ABC Heywire puts young regional Australians at the centre of conversations
The annual Heywire Regional Youth Summit brought some of our nation’s most inspiring voices to Parliament House during February. Travelling from as far as Borroloola in NT and Broome in WA, these were the voices of our future leaders from regional, rural and remote Australia.
This year’s cohort of Heywire winners tackled a range of topics like the impact of drought on Sea Lake in Victoria; what it was like campaigning for marriage equality in Ulverstone in Tasmania; and starting a fish farm in a desert, the remote town of Buttah Windee in WA.
Throughout the week-long Summit, Heywire winners were mentored through skills-building workshops and were given the unique opportunity to share their ideas with members of Parliament and Senators. They stole the media spotlight and had their stories professionally recorded and broadcasted on the ABC, stories which were both moving and inspiring.
From the cohort, 15 Heywire Trailblazers, representing some of the brightest emerging leaders in regional Australia, spent time developing their ideas and projects and presenting them to leading community figures.
Life on a Station began as a social media project during Emma’s gap-year. Through photography and the universal social media platform Instagram, she wanted to showcase life on remote cattle stations. The project has since grown to exhibitions in local airports. Her beautiful and raw imagery works to increase agricultural tourism and educate our urban cousins on what life is really like in agriculture and what is involved in the paddock to plate journey.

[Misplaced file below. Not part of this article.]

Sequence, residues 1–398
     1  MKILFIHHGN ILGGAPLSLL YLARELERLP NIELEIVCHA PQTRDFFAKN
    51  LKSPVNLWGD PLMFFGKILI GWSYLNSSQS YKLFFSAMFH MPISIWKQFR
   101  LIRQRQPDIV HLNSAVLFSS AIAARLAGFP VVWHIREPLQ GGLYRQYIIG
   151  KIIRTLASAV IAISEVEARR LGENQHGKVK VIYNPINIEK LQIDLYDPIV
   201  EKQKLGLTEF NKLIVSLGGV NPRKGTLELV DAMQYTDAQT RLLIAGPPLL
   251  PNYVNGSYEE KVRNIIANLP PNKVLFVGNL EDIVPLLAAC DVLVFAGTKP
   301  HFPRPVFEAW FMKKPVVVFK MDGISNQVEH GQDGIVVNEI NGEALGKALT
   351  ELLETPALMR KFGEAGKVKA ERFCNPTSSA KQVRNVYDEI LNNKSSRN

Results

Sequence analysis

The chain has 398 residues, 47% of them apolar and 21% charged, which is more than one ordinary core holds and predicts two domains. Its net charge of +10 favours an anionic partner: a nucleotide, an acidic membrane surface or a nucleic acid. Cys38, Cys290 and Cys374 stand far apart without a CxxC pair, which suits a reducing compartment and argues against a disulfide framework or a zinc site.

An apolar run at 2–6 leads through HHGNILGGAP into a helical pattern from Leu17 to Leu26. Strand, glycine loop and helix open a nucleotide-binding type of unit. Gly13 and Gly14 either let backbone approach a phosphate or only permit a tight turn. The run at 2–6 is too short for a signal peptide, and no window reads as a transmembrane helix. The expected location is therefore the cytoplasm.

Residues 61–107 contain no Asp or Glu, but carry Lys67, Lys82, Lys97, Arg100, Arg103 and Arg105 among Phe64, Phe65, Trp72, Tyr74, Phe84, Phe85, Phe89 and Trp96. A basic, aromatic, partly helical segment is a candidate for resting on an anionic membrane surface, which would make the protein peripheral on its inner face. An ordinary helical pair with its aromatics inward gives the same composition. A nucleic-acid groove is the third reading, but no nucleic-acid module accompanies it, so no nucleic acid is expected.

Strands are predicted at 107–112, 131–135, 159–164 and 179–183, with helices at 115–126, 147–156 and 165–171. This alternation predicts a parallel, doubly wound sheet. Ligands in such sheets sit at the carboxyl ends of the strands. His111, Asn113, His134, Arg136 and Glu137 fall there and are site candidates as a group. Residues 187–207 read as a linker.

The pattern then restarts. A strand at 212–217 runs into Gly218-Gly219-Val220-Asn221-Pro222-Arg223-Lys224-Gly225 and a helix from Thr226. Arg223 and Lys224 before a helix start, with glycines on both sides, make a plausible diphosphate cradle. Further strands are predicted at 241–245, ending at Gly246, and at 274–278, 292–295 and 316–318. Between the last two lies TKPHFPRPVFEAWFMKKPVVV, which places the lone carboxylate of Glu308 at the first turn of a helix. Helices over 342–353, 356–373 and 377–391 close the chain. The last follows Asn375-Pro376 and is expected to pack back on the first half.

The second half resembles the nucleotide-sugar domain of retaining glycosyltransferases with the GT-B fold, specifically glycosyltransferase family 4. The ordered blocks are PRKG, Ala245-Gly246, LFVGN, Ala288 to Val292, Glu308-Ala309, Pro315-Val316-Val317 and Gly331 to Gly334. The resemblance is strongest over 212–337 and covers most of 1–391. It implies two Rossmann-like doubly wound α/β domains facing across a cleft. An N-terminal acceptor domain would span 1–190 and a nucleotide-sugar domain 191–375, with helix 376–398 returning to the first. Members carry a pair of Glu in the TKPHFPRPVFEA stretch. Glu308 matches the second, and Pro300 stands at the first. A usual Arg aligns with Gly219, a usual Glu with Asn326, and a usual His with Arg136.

“By carrying my camera with me I am able to create some realisation of the work that goes on behind the scenes of that steak you buy at the butchers. Some people might not know where their meat comes from, and I’m passionate about raising awareness of the work that jackaroos and jillaroos do behind the scenes,” said Ms Moss.
The 2018 AgriFutures™ Rural Women’s Award SA Winner, Alex Thomas, was selected to mentor Emma Moss. Alex brought her own unique experience of using the borderless power of social media to make a big impact in agriculture. Through her #plantaseedforsafety campaign, Alex’s drive to increase farm and industry safety extends beyond speaking engagements and resource development, and onto our screens.
“The great thing about having had the opportunity to mentor Emma via the Heywire Trailblazer program was the intangible and yet invaluable exchange of energy and ideas between two people, despite being almost 2,000 kms apart.
“Programs such as Heywire create a safe container to ensure the views and opinions of young people are placed front and center in everyday life. By recognising the unusual voice and by increasing the value of diversity of thought, the potential impact of such programs is immeasurable, invaluable and imperative – not only for each individual – but for the future of rural communities,” said Ms Thomas.